Over the past few decades, research has identified the importance of large mammals like bison as ecosystem engineers. These animals shape and maintain various natural processes and, in the process, are responsible for the sequestering of large amounts of carbon. But large mammals – both herbivores and predators – have seen their numbers dwindle over time. At this point, nearly two-thirds of large carnivores are threatened with extinction. Overall, less than 6% of worldwide ecosystems have the extensive, intact large-mammal communities that were dominant 500 years ago.
Conservationists around the world have embarked on programs of “rewilding”- reintroducing large mammals into ecosystems. Some of the animals involved in these programs include brown bears, wild horses, jaguars, reindeer, Eurasian beavers, elk, moose, wolverines, tigers, hippos, and bison.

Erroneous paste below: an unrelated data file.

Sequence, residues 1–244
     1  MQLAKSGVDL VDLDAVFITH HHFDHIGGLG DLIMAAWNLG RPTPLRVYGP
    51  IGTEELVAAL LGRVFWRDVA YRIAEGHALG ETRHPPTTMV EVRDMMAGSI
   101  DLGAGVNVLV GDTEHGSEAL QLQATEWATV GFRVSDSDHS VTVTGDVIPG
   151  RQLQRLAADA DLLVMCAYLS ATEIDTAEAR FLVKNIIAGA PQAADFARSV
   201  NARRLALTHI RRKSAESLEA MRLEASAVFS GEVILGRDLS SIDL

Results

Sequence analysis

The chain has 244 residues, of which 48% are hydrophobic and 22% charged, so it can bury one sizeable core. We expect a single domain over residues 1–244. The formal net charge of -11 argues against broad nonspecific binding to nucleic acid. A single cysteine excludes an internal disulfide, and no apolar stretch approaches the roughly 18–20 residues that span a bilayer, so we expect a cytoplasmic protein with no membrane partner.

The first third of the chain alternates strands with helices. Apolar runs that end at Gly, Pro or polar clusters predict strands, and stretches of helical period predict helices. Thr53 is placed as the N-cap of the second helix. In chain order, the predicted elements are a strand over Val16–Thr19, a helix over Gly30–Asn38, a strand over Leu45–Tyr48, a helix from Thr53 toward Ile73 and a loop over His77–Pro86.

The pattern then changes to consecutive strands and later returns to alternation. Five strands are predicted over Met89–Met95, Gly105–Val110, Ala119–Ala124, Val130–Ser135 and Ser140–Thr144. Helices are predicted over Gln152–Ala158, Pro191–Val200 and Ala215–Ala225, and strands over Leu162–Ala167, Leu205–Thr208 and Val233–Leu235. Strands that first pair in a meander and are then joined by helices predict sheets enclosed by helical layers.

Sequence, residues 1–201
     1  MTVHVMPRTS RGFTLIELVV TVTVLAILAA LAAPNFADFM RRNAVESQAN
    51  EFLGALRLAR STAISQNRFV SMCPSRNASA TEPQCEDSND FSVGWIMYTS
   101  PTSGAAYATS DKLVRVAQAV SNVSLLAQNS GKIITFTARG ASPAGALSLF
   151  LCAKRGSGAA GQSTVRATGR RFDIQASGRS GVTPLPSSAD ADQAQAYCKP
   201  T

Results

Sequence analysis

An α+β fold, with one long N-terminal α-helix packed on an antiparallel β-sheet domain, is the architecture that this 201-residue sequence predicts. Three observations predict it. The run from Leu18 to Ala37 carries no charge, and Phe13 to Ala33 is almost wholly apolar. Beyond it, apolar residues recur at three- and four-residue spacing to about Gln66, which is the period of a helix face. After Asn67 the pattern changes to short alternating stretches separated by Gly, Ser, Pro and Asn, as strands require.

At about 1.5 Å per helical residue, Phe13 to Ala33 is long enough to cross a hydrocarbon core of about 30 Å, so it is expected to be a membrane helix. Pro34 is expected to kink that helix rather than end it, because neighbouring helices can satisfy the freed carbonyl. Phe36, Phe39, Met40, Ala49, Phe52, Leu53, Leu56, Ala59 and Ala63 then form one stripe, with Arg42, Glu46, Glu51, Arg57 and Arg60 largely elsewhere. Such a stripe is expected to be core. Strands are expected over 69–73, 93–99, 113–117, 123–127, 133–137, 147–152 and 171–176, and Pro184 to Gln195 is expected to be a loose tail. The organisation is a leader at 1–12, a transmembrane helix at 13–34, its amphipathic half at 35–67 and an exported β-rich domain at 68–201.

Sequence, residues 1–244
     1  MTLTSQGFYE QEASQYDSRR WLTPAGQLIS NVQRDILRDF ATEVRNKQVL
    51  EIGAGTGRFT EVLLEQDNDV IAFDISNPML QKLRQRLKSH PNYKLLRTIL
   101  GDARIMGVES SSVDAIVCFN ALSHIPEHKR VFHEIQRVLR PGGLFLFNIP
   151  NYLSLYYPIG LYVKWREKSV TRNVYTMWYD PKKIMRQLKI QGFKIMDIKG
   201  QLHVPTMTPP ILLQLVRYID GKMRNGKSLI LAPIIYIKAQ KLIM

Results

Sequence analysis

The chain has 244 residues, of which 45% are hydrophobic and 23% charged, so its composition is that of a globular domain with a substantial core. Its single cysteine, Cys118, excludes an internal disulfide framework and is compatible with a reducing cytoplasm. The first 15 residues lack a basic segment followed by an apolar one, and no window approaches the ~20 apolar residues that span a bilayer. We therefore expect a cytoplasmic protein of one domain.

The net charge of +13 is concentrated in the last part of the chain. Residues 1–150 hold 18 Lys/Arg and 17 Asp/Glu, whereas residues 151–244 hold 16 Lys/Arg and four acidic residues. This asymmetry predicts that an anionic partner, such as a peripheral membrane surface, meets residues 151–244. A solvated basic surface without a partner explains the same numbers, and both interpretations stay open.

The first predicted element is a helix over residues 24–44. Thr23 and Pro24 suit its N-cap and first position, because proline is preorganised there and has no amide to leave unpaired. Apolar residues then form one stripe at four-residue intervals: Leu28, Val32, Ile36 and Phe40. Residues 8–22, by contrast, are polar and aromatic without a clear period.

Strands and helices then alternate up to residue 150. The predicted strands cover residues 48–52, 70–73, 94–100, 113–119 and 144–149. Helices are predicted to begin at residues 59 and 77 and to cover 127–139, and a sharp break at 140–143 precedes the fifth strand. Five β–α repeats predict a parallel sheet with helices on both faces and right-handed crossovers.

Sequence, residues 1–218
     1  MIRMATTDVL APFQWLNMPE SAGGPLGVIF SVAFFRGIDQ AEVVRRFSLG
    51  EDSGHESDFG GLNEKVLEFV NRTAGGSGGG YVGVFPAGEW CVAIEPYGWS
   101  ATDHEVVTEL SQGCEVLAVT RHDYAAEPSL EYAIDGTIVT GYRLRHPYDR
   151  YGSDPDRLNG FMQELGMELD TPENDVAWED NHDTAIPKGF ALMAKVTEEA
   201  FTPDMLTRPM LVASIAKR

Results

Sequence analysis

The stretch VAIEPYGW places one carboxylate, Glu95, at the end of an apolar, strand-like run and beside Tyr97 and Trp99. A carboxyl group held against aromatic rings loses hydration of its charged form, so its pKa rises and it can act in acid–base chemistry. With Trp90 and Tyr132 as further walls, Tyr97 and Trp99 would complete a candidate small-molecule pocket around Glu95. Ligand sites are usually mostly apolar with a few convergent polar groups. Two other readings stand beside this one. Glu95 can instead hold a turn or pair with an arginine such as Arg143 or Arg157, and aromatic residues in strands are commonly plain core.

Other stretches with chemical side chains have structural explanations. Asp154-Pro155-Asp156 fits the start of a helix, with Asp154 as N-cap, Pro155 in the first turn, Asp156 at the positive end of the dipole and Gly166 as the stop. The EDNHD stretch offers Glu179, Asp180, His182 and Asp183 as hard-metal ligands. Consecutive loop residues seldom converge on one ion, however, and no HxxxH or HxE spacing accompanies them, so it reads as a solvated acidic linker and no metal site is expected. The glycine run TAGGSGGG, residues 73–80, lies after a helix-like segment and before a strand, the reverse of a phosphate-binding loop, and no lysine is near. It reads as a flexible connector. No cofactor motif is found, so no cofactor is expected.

A group of bison raised in South Dakota have recently been transplanted to the Chihuhuan Desert at the US-Mexico border across Arizona, New Mexico, and Texas. There used to be huge bison herds in that region, but it has been largely bison-free for 150 years.
Perhaps more remarkably, wild bison are also being reintroduced into a forest near Canterbury, England. There haven’t been bison in the United Kingdom for thousands of years. But conservationists are introducing European bison into the British forest to knock down trees, trample shrubs, and create space for a greater diversity of flora and fauna.
Apart from the ecosystem goals of the British project, people in the UK, for the first time in over a thousand years, will be able to experience bison in the wild.
Gone for Thousands of Years, Wild Bison Return to the UK
Photo, posted December 31, 2018, courtesy of Marco Verch via Flickr.
Earth Wise is a production of WAMC Northeast Public Radio.
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